One thing is certain, Sheffield City Council will always attract criticism for its attitude towards old buildings. Local forums are full of scathing comments about its past performance, often unwarranted, but it has certainly made a few controversial and unpopular decisions over the years.
However, the Heart of the City II scheme looks on course with the makeover of Charter Square and the new £90million HSBC building already delivered.
The scheme is the inspiration of Sheffield City Council, along with its strategic development partner, Queensbury.
Demolition work is underway on Pinstone Street, Charles Street, Cambridge Street and Cross Burgess Street, with new buildings destined to rise behind existing Victorian facades.
The phased project will cost about £469million, funded with taxpayers’ money, and makes use of existing streets, with emphasis on extra office and residential space, and less on retail, reflecting the consumer switch to internet shopping. The few shops created will be used to attract premium retail brands. In addition, there will be restaurants, cafes, a food hall and two high-end hotels.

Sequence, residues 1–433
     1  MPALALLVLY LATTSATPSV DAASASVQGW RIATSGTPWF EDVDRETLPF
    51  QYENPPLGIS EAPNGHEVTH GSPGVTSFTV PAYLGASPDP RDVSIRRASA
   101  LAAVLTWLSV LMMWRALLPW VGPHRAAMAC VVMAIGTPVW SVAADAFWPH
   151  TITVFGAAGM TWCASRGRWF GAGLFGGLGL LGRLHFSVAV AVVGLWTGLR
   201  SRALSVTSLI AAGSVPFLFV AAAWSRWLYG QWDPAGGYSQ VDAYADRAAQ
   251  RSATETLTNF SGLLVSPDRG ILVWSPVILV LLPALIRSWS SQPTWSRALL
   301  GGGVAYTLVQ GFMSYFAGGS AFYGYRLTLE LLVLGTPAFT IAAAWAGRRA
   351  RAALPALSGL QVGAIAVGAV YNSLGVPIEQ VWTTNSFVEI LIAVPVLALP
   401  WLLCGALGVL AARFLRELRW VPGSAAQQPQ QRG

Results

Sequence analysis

Heart of the City II essentially replaced the ill-fated Sheffield Retail Quarter, a scheme which would have involved moving the John Lewis department store and the demolition of several historic buildings.
For those not convinced, take a look at the original Heart of the City programme, initiated in 1994 to regenerate the city centre with new and improved public spaces, new public buildings and the redevelopment of the site of the Town Hall extension, known as the ‘egg box.’
It was managed by Urban One, an urban regeneration company set up by the government in February 2000, to facilitate development.
At the time, funding was provided by a £20.5million grant from the Millennium Commission and over £100million from the private sector and other sources.
The result was the transformation of the Peace Gardens, the construction of the Winter Garden, Millennium Gallery and the Mercure Hotel, as well as St. Paul’s Tower, ‘cheesegrater’ car-park and various new office blocks.
The development was completed in 2016, successful in attracting residents and visitors alike, and is arguably one of the most successful regeneration schemes ever seen in Sheffield.